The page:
And finally, having a dog who listens and obeys can save them from potential dangers. For example, telling them to stop running when a car is coming or to step away from the spilled anti-freeze in the driveway.
5. Picking the wrong collar
Getting the right collar and leash helps both your dog and you. If a collar is too tight, it can rub against the skin and hurt them. Too loose and they can wiggle out and potentially run away and get into trouble.
This happened once when Toby was in what I’d call his teen stage – 8 months old and not quite a little puppy but certainly not a mature adult. When I stopped to get gas, he jumped out of the car. I quickly grabbed his collar, but since I had just adjusted it for his growing body and it was far too loose, he wiggled out and started to run and dart around the gas station parking lot. He could have easily been hit by a car! It was terrifying.
After that, I always made sure to do the trick vets teach: you should be able to fit one finger between the skin and the collar for small dogs and two for big dogs.
Sometimes, however, a collar isn’t the best option. That’s where a harness comes in. A harness is a better option for dogs prone to tracheal collapse and those that frequently escape their collar.
6. Neglecting their teeth
We just wrote a long post about taking care of your dog’s teeth that has tons of important info you should know. In a nutshell, Vetstreet reports that 85% of all pets have periodontal disease by age three. That’s alarming! But when you stop and think about it, how often do you brush your dog’s teeth? Or give them dental chews or another dog dental cleaner?
Brushing your dog’s teeth just once a week or even every other week goes a long way to help with their oral hygiene. We recommend getting a canine toothbrush and toothpaste set, $9.99 at Amazon, and slowly easing into the habit of regular brushings.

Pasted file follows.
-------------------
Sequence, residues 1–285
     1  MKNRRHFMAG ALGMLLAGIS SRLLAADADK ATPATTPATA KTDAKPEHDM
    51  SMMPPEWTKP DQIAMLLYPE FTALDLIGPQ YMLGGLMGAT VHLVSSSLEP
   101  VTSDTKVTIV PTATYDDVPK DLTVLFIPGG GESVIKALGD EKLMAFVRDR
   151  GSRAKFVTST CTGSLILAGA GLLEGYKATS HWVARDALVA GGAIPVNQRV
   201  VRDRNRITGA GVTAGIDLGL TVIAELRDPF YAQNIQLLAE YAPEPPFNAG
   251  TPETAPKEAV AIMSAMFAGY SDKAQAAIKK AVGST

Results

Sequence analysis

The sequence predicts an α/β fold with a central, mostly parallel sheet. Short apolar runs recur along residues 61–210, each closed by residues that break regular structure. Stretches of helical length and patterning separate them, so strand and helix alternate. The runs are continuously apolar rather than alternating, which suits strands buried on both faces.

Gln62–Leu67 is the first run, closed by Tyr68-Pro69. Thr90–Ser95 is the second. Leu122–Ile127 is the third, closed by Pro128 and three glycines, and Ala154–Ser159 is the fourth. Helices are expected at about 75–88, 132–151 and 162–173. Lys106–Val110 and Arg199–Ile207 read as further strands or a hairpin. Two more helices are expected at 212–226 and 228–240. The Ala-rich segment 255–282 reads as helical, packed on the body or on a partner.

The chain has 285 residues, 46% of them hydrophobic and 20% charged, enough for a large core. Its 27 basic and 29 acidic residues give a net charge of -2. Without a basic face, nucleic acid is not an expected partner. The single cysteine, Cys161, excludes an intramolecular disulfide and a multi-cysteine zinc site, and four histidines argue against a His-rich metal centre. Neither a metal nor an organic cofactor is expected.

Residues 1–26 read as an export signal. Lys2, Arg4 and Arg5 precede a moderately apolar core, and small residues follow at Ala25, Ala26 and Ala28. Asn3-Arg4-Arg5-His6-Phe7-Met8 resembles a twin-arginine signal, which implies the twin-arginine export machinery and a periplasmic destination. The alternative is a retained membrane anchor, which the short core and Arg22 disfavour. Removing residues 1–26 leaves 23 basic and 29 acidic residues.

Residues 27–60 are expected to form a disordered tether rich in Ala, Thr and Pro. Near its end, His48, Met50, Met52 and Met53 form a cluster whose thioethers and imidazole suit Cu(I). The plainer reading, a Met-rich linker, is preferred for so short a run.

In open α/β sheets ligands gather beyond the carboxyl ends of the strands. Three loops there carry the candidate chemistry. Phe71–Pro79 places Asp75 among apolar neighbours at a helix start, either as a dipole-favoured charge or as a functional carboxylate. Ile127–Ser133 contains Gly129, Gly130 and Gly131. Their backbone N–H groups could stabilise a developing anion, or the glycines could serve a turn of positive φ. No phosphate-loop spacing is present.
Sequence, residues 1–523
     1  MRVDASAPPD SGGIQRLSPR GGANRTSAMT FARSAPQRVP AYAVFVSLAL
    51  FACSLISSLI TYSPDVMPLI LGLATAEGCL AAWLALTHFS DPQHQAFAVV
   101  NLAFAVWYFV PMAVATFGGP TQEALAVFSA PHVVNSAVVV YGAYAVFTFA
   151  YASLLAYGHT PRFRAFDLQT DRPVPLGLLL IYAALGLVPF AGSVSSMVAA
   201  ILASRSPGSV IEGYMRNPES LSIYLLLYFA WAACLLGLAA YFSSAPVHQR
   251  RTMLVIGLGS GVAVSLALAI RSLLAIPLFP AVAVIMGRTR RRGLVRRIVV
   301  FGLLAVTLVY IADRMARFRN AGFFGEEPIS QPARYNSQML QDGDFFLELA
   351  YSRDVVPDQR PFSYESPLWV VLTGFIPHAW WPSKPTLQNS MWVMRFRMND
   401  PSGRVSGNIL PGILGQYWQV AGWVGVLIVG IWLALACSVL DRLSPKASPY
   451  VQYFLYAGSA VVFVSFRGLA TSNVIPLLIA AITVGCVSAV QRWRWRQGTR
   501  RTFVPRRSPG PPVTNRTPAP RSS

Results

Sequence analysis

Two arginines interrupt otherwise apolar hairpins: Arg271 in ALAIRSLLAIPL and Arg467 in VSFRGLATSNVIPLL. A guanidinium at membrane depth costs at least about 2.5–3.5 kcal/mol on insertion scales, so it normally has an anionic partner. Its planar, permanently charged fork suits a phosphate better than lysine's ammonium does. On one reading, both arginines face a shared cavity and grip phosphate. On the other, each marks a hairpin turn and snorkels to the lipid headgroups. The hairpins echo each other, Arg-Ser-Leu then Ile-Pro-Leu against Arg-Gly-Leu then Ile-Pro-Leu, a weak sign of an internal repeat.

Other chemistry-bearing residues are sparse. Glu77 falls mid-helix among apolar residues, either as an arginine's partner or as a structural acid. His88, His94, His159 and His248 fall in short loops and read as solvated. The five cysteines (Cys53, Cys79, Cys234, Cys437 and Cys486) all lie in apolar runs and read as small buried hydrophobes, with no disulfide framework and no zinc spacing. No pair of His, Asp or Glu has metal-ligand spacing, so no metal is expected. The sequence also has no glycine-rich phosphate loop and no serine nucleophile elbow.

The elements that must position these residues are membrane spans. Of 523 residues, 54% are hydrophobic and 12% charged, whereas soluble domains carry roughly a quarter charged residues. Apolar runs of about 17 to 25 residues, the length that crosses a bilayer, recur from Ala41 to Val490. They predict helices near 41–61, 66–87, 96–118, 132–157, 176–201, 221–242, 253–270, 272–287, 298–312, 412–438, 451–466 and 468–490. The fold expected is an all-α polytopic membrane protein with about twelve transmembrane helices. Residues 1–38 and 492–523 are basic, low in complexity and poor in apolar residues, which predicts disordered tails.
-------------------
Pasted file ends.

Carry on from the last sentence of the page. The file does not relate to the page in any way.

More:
7. Too much TLC
I am SO guilty of this when it comes to smaller dogs, like my brother’s adorable 8-lb Maltipoo, Theo. Throughout my life, I’ve only really been around larger dogs (and now have a 110-lb beast of a Lab), so when I try to play with smaller dogs, I’m gruff and heavy-handed. Not to mention the fact that smaller dogs are so darn cute and sweet; I want to just squeeze them and never let go.
But this is obviously not good for dogs who can’t handle it and can cause anxiety, discomfort and behavioral problems.
Kids are especially guilty of this. If you let young kids play with a dog, always, always watch them and be sure to teach them how to treat a dog properly.
How do you know if a dog doesn’t like the amount of affection they’re receiving? Watch their body language. Are they happy and wagging their tail or are they cowering with a look of fear in their eyes?
8. Skipping the vet
We know that taking your dog to the vet is a pain, not to mention expensive. But regular check-ups are so important for your furbaby’s health.
The vet can identify issues you might not even be aware of. Plus, they’ll make sure your dog’s weight is in check and their teeth are in good health.
We recommend finding a good vet you like and double checking to make sure they send you notifications when your dog is due for check-ups or shots.
And if your budget is tight and you’re not sure if you can make room for veterinarian expenses, don’t despair – there are a number of ways to still get care for your pup, like going to vet schools or getting help from local charities. Here’s a full list of ideas for affordable pet care.
Are you guilty of any of these? Or do you have anything to add to the list? We want to hear from you!